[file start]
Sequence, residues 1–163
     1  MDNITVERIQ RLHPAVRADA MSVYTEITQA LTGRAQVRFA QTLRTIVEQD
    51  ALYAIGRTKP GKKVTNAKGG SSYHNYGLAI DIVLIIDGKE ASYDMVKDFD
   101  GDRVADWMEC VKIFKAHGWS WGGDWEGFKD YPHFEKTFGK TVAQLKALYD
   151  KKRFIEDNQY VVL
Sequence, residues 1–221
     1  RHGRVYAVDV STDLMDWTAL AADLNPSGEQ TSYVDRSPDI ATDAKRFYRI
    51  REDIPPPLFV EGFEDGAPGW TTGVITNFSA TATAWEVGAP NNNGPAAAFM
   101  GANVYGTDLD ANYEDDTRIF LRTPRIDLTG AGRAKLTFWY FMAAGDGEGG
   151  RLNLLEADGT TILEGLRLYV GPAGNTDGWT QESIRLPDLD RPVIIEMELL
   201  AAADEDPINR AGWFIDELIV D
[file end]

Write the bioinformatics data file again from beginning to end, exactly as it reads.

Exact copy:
Sequence, residues 1–163
     1  MDNITVERIQ RLHPAVRADA MSVYTEITQA LTGRAQVRFA QTLRTIVEQD
    51  ALYAIGRTKP GKKVTNAKGG SSYHNYGLAI DIVLIIDGKE ASYDMVKDFD
   101  GDRVADWMEC VKIFKAHGWS WGGDWEGFKD YPHFEKTFGK TVAQLKALYD
   151  KKRFIEDNQY VVL
Sequence, residues 1–221
     1  RHGRVYAVDV STDLMDWTAL AADLNPSGEQ TSYVDRSPDI ATDAKRFYRI
    51  REDIPPPLFV EGFEDGAPGW TTGVITNFSA TATAWEVGAP NNNGPAAAFM
   101  GANVYGTDLD ANYEDDTRIF LRTPRIDLTG AGRAKLTFWY FMAAGDGEGG
   151  RLNLLEADGT TILEGLRLYV GPAGNTDGWT QESIRLPDLD RPVIIEMELL
   201  AAADEDPINR AGWFIDELIV D